refresh fast on commit
as
select deptno, count(*) cnt
from emp
group by deptno;

Let us test this Materialized View – that is refreshed on commit:

select * from emp_mv
/
    DEPTNO        CNT
---------- ----------
        10          3
        20          5
        30          6

Whenever we perform data manipulation on EMP, this Materialized View will be refreshed (or synchronized) with the changes as soon as we commit.

Now we add a Check Constraint on the Materialized View, restricting the value of the CNT column:

alter table emp_mv
add constraint check_cnt
check ( cnt between 2 and 6 )
deferrable;

This specifies that CNT must be between 2 and 6 and that in turn restricts DML on EMP: no insert/update/delete on EMP may lead to a record in EMP_MV where CNT is not between 2 and 6. We can not simply remove Employees from a certain Department or add Employees to a Department:

insert into emp (empno, sal, deptno) values (1111,90,30)
/
1 row created.
SQL> commit;
commit
*
ERROR at line 1:
ORA-12008: error in materialized view refresh path
ORA-02290: check constraint (SCOTT.CHECK_CNT) violated

The Sum of a certain Detail Column is restricted within a master

We will use EMP and DEPT as our example system. We want to enforce the rule that the sum of salaries in a Department must be smaller than 20000.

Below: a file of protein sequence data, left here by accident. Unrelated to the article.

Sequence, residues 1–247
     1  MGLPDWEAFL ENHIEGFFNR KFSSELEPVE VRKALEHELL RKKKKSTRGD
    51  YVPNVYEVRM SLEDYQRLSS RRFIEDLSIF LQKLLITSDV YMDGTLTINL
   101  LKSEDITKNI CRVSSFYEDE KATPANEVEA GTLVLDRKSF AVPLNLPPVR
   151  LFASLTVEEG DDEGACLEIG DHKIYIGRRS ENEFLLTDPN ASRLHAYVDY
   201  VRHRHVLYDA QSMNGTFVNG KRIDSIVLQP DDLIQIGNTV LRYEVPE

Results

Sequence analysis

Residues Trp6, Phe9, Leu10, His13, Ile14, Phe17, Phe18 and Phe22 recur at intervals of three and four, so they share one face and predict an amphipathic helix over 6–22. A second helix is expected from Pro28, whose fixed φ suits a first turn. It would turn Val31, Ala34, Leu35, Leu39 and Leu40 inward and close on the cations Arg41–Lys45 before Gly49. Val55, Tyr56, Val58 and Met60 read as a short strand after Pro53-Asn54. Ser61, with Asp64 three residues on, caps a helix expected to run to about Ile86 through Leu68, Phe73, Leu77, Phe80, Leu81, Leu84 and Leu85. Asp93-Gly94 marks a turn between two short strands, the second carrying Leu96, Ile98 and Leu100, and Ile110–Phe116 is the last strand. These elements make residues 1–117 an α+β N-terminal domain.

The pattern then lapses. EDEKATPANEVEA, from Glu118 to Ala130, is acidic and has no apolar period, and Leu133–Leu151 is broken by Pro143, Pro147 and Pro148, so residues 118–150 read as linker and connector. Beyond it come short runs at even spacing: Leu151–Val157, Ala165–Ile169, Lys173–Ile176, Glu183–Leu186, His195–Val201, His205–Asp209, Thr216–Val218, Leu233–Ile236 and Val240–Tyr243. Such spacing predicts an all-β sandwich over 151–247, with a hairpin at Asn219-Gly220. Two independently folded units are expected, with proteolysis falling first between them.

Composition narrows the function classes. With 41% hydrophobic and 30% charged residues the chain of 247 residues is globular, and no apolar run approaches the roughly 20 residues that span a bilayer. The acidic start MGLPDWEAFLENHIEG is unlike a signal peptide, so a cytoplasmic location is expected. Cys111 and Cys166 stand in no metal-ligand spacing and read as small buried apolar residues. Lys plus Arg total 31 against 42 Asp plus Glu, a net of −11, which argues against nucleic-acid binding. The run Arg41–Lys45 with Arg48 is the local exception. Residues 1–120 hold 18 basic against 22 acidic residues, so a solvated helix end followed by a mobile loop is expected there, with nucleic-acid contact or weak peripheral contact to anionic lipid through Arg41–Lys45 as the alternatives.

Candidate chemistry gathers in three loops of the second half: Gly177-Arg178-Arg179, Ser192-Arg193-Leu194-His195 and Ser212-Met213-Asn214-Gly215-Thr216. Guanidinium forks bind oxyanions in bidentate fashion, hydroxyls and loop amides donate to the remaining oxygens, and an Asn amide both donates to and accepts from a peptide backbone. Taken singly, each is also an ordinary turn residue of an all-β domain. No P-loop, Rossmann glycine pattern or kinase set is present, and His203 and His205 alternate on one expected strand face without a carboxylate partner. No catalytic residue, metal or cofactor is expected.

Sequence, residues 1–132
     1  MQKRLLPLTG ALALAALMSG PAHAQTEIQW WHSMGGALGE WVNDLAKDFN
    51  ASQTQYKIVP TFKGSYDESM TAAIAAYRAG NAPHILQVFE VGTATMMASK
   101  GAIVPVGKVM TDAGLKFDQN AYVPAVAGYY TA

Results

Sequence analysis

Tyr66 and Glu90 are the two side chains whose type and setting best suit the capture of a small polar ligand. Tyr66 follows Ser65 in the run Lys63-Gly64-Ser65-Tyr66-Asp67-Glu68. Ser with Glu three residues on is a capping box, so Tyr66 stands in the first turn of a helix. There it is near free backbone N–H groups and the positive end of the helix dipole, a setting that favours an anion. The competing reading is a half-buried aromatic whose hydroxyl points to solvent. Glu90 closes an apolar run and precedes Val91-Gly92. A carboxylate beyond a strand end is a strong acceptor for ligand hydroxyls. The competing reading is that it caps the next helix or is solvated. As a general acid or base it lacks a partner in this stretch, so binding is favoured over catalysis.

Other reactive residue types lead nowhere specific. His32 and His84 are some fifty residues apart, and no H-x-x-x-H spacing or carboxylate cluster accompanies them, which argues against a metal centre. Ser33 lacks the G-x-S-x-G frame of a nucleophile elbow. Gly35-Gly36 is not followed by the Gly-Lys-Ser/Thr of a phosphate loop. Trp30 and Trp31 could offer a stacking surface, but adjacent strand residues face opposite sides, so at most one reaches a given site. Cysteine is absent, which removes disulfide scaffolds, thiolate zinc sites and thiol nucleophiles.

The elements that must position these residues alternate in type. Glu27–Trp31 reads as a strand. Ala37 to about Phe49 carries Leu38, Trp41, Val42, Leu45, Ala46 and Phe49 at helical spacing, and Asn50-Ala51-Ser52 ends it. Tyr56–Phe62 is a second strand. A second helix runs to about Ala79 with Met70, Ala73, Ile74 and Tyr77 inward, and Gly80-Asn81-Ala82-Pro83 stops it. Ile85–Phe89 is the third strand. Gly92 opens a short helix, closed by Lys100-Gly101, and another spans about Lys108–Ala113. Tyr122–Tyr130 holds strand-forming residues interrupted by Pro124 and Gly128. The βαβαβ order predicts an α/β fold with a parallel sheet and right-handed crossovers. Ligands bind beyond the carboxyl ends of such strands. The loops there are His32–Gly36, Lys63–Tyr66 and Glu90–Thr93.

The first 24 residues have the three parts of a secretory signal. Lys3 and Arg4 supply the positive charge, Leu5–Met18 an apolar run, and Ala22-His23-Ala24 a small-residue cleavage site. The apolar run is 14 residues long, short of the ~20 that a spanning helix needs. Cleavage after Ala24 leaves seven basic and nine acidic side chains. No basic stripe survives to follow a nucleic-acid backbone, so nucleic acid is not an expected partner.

create materialized view log on emp WITH SEQUENCE , PRIMARY KEY, ROWID (deptno,job,sal) including new values;
create materialized view emp_deptsalsum_mv
refresh fast on commit
as
select deptno
,      sum(sal) sumsal
,      count(*)
,      count(sal) head_count
from   emp
group
by     deptno
/
select * from emp_deptsalsum_mv
/
    DEPTNO     SUMSAL   COUNT(*) HEAD_COUNT
---------- ---------- ---------- ----------
        10    13126.5          3          3
        20      11101          5          5
        30      10451          6          6

Now we add the constraint that will put a cap on the sum of the salaries per department:

alter table emp_deptsalsum_mv
add constraint check_dept_salsum
check ( sumsal < 20000)
deferrable
/
update emp set sal = sal* 2
/
commit
/
commit
*
ERROR at line 1:
ORA-12008: error in materialized view refresh path
ORA-02290: check constraint (SCOTT.CHECK_DEPT_SALSUM) violated